Dover Castle


    Dover has been inhabited and fortified for centuries as it is a port at the narrowest section of the English Channel.  Iron Age defenses were built over by the Romans, who constructed a lighthouse.  On his way to London in 1066, William the Conqueror had a castle built here, and his descendant Henry II expanded upon it in the late 1100s.  Modifications were made after vulnerabilities were revealed in the 1216 siege by the French.  Georgian military engineers modified the works in from the mid 1700s to the early 1800s to deal with gunpowder weaponry, and extensive tunnels were dug under the castle in the 20th century to protect command facilities from aerial and nuclear attack.  So Dover Castle has a delightful variety of military architecture.  Let's take a look!

Modified Map of the Castle

    This is a map on display which I have modified to show the points I will highlight.  It should prove very useful.  The redan is pointing generally northward, or inland.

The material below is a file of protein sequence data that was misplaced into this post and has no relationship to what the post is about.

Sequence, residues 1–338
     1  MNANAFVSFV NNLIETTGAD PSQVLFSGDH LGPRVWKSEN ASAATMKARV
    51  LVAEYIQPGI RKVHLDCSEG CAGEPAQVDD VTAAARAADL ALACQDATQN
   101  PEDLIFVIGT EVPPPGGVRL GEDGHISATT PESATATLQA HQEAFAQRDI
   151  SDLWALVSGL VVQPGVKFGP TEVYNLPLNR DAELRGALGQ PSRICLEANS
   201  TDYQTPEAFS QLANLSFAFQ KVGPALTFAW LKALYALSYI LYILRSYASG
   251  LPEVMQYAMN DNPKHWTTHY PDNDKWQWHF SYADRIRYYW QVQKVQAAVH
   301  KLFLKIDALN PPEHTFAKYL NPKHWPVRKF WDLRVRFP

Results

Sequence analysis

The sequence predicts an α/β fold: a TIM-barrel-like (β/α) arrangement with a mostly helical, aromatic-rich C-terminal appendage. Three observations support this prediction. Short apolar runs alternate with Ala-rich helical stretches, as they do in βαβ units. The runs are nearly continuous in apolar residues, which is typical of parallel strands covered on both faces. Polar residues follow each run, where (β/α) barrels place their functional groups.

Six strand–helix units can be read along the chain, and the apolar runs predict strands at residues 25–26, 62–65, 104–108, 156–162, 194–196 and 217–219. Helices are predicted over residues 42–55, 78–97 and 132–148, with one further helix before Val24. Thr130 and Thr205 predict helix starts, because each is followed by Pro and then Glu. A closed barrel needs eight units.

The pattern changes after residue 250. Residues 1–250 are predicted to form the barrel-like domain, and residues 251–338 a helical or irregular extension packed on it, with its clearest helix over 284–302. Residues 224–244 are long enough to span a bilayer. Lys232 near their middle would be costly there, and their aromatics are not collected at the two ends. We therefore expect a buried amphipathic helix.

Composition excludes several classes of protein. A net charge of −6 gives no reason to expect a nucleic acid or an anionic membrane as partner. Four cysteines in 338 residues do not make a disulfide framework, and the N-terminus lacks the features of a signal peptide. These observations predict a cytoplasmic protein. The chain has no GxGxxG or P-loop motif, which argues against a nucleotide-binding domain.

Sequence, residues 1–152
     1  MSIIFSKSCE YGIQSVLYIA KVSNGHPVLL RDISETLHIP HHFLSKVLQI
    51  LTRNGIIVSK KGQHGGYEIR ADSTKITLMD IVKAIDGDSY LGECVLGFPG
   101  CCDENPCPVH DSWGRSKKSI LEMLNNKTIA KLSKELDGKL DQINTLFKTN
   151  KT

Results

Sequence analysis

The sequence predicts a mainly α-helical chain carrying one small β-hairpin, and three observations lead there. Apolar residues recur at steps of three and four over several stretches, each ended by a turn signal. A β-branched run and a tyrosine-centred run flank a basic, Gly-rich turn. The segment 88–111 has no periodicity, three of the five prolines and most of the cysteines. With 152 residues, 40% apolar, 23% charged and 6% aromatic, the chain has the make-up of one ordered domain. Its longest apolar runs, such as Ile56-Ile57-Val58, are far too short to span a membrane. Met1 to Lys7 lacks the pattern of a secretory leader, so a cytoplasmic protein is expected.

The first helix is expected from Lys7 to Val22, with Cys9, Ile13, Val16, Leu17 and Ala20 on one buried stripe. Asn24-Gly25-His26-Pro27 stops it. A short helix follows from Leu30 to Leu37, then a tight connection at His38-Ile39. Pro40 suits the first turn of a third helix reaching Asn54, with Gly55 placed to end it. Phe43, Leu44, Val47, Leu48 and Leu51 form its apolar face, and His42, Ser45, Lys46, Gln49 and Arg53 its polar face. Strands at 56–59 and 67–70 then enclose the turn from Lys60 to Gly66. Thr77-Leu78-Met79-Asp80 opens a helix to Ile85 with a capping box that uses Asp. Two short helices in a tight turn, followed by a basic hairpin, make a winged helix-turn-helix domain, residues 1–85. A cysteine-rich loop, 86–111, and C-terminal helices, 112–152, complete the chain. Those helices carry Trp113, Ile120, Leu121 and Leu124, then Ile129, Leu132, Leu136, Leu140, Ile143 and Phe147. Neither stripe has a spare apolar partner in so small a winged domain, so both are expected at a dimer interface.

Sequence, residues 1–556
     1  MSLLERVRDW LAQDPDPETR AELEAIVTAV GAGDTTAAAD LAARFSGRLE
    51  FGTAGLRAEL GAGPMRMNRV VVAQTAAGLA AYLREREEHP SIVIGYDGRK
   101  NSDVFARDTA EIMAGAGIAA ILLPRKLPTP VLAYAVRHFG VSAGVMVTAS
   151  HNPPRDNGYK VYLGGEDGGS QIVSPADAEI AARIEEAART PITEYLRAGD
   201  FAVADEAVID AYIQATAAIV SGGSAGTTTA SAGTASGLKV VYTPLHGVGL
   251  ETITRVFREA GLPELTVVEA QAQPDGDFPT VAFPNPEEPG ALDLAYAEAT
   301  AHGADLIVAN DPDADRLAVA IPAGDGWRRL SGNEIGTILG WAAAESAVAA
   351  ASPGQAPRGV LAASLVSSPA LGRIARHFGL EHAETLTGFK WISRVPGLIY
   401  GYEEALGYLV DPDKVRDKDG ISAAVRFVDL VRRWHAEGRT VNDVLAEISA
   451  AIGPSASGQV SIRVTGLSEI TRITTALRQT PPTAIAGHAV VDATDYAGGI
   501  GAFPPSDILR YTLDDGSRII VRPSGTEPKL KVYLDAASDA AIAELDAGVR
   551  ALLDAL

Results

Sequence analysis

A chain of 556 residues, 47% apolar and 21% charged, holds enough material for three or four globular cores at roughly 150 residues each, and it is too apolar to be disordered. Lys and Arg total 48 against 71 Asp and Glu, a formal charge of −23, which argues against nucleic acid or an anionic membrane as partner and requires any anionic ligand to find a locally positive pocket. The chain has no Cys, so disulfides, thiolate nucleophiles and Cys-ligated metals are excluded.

View From the Northern End

    From just outside the northern tip of the castle you can get a good view of its defenses.  The Keep was the inner-most defensive structure designed for last ditch efforts, but it was also used as an occasional royal residence and for other purposes later.  It was surrounded by the Inner Bailey Walls which were surrounded by the outer walls, of which the Constable's Gate is a part.  Georgian engineers added the Redan in front of the lowered outer walls near the Norfolk Towers.  In response to the 1940 invasion threat, concrete anti-tank obstacles were installed.

From East of Norfolk Towers

    On the left of the picture you can see the Inner Bailey Walls and the never completed Barbican which protected the King's Gateway which passed through the walls.  In the center you can see the Norfolk Towers section of the outer walls.  The outer walls bend back here and were vulnerable as a result.  In 1216, a French siege targeted this area with mining, which was then a gate area with high ground to its front.  Afterwards underground tunnels connected the walls to a new structure beyond, St. John's Tower (not visible here), and the gate was replaced by the Constable's Gate visible in the previous picture and the Fitzwilliam Gate directly behind the cameraman.

    From the mid 1700s to early 1800s, this area was again modified to protect against more modern siege methods.  Both the inner bailey walls and the outer walls were reduced in height and the outer walls were thickened with earth.  The redan was constructed and connected with a caponier.

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